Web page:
I also don’t necessarily want Council to take a hands-off approach to development, which Kunselman seems to imply. Obviously the Planning Commission has a lot to do with what gets built, and Council sets parameters through ordinances. It certainly is problematic when Council overturns decisions of the Planning Commission – especially for suspect/bogus reasons. I think that’s the point at which I started to think some ‘fix’ was in in the development game, when the Mayor and others got their signals crossed (the McKinley project at Washinton and Division). Council needs to stay actively engaged in major developments, but only become activist (either for or against) when a duly informed and educated public weighs in – and the latter is their job.

       —Peter Schermerhorn    Jul. 31 '09 - 04:49PM    #
  2. i am a bit more optimistic about ann arbor as a “driver”, largely because of the UM, which is bucking the trend of stagnation/retrenchment in research/innovation that’s befallen other even major campuses, including Harvard to some extent.

    there are some incredibly bright people on campus, and so far with the resources and administrative support to allow them to flourish,possibly with spillover effect beyond the U.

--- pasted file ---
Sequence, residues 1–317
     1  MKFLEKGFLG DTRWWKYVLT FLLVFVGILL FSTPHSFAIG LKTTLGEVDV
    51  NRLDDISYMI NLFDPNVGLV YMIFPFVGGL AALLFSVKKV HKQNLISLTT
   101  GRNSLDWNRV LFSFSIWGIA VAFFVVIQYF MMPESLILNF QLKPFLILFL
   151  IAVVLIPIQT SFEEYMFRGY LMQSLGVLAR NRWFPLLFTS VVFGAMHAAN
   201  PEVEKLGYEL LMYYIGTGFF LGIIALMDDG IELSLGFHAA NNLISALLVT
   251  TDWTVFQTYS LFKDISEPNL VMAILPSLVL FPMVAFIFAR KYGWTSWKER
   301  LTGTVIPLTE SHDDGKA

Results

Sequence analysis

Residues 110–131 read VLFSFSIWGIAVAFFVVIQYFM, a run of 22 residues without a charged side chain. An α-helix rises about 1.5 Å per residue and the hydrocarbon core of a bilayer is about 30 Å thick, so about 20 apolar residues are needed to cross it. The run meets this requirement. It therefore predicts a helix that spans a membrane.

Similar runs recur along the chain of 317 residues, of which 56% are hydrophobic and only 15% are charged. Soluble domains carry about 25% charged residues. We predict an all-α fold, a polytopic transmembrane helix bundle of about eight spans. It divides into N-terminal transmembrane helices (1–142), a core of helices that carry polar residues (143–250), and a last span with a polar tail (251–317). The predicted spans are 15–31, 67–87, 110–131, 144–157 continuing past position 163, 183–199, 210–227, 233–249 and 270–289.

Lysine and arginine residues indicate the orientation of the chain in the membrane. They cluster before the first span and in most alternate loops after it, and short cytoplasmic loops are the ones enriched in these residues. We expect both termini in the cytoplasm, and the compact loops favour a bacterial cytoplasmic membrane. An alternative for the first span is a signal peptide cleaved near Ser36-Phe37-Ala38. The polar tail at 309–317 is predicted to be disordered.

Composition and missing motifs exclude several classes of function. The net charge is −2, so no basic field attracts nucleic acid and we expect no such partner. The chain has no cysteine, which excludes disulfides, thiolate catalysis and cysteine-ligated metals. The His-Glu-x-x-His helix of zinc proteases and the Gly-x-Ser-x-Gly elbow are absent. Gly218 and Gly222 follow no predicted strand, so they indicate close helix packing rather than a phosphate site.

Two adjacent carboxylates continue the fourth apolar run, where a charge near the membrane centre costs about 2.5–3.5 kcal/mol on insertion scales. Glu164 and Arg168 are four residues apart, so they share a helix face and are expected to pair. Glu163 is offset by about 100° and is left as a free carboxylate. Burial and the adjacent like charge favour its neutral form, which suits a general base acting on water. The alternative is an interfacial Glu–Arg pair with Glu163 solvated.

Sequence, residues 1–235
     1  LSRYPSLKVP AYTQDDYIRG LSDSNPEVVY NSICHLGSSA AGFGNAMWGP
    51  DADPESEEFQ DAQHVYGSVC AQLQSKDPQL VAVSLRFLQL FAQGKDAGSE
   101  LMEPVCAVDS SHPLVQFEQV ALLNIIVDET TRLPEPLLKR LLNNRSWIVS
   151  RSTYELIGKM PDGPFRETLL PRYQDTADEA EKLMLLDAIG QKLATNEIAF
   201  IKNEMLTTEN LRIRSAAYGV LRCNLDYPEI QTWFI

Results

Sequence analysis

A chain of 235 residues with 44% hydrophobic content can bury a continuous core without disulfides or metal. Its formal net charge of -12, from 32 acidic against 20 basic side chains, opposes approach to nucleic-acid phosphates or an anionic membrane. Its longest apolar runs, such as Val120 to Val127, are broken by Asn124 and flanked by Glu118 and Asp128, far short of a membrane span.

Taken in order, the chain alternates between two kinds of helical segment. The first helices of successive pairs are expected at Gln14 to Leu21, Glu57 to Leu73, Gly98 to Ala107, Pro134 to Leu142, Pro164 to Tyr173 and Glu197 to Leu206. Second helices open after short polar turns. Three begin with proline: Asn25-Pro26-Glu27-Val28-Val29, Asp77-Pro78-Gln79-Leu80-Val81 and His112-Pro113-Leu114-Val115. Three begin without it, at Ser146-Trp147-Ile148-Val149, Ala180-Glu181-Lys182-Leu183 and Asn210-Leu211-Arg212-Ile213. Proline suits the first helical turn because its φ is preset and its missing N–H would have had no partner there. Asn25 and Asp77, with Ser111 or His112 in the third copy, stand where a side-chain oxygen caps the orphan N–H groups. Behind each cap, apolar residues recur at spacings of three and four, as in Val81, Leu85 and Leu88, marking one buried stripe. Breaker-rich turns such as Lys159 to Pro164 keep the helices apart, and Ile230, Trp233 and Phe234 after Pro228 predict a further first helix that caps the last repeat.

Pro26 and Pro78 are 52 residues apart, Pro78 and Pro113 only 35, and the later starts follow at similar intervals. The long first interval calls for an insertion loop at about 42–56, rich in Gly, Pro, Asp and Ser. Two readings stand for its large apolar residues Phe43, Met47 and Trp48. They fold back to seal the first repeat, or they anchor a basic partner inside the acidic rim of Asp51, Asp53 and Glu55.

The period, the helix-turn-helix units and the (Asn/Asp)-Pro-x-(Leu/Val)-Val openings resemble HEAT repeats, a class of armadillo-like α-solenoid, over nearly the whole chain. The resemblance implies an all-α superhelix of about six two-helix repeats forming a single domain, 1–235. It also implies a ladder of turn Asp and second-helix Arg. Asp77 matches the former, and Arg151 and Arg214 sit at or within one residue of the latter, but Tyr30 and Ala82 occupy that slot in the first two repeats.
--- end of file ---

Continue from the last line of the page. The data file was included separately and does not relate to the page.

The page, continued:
( for myself the idea of ann arbor cornering the market on cloned mammoths has considerable appeal, and id happily volunteer myself and my property for both wrangling and herding!better than SUV’s and other now obselete Detroit products for all terrain transport, once the taming issue is sorted out).

       —goilem    Aug. 1 '09 - 12:33AM    #
  3. I think the neighborhoods and jobs creations problems, after the struggles with union, for both the city and with teachers, will be the next big shoe to fall. Right now, all up and down the commercial streets, there are for rent and for sale signs. The students are not renting in the neighborhood, and eventually, those units will go bust, or have families living in it. Part of the reason the students are not renting is because U of M has built so much more housing.
    You are very pro-development, but we in the city and throughout the area, are well overcapacity when it comes to housing and to commercial real estate. If development is your true blue base, then what will you do, Mr. Greden?
    We are as an area,are not an engine, but an oasis. The autos are what kept the area prosperous..It seems doubtful, that US auto production will hit 10 million this year..
    We run the risk of being the haves amongst the have nots, and believe the city income tax will exacerbate that sentiment. I believe you will risks a future that will even include rioting. GM is still laying off, and many people will soon run out of unemployment. There’s no need for further development, if you build it it will stand empty right now.

       —emilia    Aug. 3 '09 - 07:41PM    #
  4. Re. student housing in comment 3. All of the housing that has opened in recent years has been built by private developers, mostly for affluent students. U-M is building a new dorm, the first in three decades, but it won’t open until 2010.

    If the council has encouraged the development of student housing, that would be a good thing.

    Getting students out of neighborhoods is what many residents wanted.